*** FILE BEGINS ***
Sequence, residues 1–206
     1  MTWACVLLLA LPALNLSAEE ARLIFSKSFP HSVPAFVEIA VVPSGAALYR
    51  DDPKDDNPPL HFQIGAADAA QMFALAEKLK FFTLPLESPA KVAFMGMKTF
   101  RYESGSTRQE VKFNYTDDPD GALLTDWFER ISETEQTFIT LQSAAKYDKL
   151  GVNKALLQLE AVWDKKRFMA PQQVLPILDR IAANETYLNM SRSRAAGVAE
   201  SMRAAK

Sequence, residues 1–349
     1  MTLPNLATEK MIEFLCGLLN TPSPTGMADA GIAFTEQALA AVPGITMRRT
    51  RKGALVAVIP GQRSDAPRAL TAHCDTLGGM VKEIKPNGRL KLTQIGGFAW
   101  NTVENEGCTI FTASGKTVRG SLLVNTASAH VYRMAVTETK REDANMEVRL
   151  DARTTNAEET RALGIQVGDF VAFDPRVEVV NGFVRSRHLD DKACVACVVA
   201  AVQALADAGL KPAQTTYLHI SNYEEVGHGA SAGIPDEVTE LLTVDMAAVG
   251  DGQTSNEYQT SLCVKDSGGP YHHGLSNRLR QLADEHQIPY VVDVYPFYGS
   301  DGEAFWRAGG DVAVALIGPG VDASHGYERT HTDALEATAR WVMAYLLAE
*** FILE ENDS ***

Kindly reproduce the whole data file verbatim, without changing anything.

Sequence, residues 1–206
     1  MTWACVLLLA LPALNLSAEE ARLIFSKSFP HSVPAFVEIA VVPSGAALYR
    51  DDPKDDNPPL HFQIGAADAA QMFALAEKLK FFTLPLESPA KVAFMGMKTF
   101  RYESGSTRQE VKFNYTDDPD GALLTDWFER ISETEQTFIT LQSAAKYDKL
   151  GVNKALLQLE AVWDKKRFMA PQQVLPILDR IAANETYLNM SRSRAAGVAE
   201  SMRAAK

Sequence, residues 1–349
     1  MTLPNLATEK MIEFLCGLLN TPSPTGMADA GIAFTEQALA AVPGITMRRT
    51  RKGALVAVIP GQRSDAPRAL TAHCDTLGGM VKEIKPNGRL KLTQIGGFAW
   101  NTVENEGCTI FTASGKTVRG SLLVNTASAH VYRMAVTETK REDANMEVRL
   151  DARTTNAEET RALGIQVGDF VAFDPRVEVV NGFVRSRHLD DKACVACVVA
   201  AVQALADAGL KPAQTTYLHI SNYEEVGHGA SAGIPDEVTE LLTVDMAAVG
   251  DGQTSNEYQT SLCVKDSGGP YHHGLSNRLR QLADEHQIPY VVDVYPFYGS
   301  DGEAFWRAGG DVAVALIGPG VDASHGYERT HTDALEATAR WVMAYLLAE